For example, the entire month of November is off-peak on British Airways — including Thanksgiving dates. The second half of September, as well as many dates within October and November, are considered off-peak on Iberia; peak dates for the Spanish air carrier range from June 15 to Aug. 31 (if you can even find award availability then, anyway).

Iberia has many off-peak fall dates, including Thanksgiving. (Screenshot from Iberia)

The weather is still pleasant in many destinations

While every day might not be a beach day in southern Spain or the Greek Islands, it's still possible to enjoy sunshine and mild temperatures well into October and even November in many Mediterranean destinations.

Summer in Europe is often swelteringly hot, which can make family travel — especially with babies and small children — overwhelming; it may even be dangerous for elderly travelers like grandparents.

It's no longer just July and August that are scorchers. Heat waves in Europe this past June reached dangerously high levels. Norway recorded its highest-ever temperature of 90 degrees Fahrenheit — more than double the average June temperature of 55 degrees Fahrenheit, according to BBC. Countries such as Slovenia and Croatia also broke temperature records, while Spain and Italy saw temperatures as high as 106 degrees Fahrenheit. Even Germany and France reached 100 degrees Fahrenheit.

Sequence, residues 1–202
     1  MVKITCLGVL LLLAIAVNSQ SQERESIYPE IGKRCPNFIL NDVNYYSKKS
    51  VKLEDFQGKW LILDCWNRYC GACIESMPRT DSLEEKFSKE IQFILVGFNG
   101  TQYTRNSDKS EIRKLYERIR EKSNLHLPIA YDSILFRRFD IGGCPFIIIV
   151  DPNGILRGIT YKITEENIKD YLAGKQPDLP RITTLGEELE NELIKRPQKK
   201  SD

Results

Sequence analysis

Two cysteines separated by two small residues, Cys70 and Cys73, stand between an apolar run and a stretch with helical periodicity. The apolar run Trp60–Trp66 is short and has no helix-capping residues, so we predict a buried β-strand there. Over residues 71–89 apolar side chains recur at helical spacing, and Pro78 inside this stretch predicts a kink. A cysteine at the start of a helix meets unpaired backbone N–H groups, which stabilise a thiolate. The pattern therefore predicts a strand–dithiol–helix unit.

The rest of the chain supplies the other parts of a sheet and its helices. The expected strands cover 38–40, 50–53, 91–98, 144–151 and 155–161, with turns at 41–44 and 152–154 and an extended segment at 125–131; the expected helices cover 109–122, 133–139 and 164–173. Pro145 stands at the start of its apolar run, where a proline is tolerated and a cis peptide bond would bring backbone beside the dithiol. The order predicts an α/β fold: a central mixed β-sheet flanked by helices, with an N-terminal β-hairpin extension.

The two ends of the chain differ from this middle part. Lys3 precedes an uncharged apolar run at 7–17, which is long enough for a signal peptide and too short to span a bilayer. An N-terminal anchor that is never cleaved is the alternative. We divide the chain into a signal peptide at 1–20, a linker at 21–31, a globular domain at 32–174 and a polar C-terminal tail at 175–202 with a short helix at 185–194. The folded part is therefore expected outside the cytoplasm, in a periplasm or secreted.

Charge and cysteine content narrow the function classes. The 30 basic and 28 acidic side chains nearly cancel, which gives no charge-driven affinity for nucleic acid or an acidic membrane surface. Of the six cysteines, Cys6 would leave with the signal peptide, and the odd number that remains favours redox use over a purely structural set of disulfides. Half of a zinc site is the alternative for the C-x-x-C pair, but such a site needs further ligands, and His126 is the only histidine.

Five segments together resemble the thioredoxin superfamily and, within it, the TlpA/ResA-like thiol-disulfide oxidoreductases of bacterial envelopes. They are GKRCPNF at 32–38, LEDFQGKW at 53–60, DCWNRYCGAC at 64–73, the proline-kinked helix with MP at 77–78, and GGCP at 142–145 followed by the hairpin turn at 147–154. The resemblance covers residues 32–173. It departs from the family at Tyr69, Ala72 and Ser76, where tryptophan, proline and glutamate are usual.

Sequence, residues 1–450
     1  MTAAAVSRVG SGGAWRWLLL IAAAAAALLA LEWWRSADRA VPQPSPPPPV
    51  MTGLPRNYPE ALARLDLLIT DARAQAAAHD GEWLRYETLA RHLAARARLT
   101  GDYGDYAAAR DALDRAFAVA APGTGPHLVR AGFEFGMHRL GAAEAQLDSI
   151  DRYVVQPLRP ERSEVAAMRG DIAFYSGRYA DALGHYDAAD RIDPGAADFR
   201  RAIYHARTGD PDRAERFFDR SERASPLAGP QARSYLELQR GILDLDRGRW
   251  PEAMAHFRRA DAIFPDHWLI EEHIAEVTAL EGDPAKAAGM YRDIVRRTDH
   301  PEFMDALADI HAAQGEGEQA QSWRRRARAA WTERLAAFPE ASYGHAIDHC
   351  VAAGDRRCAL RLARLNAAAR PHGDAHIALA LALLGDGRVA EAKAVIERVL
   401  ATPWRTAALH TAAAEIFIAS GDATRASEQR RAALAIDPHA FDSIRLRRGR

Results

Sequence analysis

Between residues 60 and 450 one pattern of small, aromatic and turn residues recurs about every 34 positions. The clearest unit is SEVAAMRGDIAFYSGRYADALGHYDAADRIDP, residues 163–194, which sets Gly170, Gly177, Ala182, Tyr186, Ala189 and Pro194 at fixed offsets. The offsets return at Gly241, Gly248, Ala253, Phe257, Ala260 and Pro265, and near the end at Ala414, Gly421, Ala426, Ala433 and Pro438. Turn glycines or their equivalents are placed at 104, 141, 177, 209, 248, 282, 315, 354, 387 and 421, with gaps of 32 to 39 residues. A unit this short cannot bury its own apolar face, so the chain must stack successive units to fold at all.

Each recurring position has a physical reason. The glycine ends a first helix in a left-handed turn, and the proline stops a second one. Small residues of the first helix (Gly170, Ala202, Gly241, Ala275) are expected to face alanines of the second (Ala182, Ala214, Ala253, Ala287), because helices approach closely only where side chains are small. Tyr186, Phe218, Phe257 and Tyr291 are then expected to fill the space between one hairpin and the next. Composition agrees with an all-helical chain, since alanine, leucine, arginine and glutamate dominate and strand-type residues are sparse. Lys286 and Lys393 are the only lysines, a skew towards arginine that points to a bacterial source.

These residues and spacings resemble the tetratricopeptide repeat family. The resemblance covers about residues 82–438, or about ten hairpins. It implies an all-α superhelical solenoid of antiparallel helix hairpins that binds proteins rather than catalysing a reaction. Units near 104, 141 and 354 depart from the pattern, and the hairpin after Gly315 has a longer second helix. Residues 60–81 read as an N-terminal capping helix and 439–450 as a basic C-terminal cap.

Stintino Beach during a summer heat wave in Sardinia. (Photo by Dallas Stribley/Getty Images)

Lacking proper air conditioning and infrastructure, many countries were (and still are) unprepared to deal with such extreme heat. This can make Europe a seemingly uncomfortable (and even life-threatening) place for you and your family to have a summer vacation, especially if you're sensitive to heat. It can even ruin a trip — no one wants to tour the Colosseum under the burning hot sunnor climb the Eiffel Tower in the scorching heat. This is especially true if you have kids with you who might complain.

An empty Stintino Beach in Sardinia, Italy, in autumn. (Photo by kekko73/Getty Images)

This is why traveling in months like September, October and November can be ideal alternatives. While you might experience rain in certain destinations, autumn travel can still be the best time to walk around cities or see tourist attractions without breaking a sweat; you might even get to see some fall foliage, too.

Enjoy coveted autumn harvests, festivals and foliage

It's been a long few years without the fun of festivals and large gatherings, due to the COVID-19 pandemic. However, most countries are once again putting on their beloved autumn festivals. This includes well-known celebrations like Munich's Oktoberfest and lesser-known events like Paris's teen-friendly, all-night art and culture celebration Nuit Blanche.

Harvest and food festivals are some of the best autumn events to enjoy in Europe. Wine festivals, like Logroño's week-long San Mateo Festival, feature grape-stomping, food fights, wine tasting and parades; taste Svalbard in Norway is the world's northernmost food and drink festival. Alba, Italy, pays homage to its prized truffles during the annual White Truffle Fair .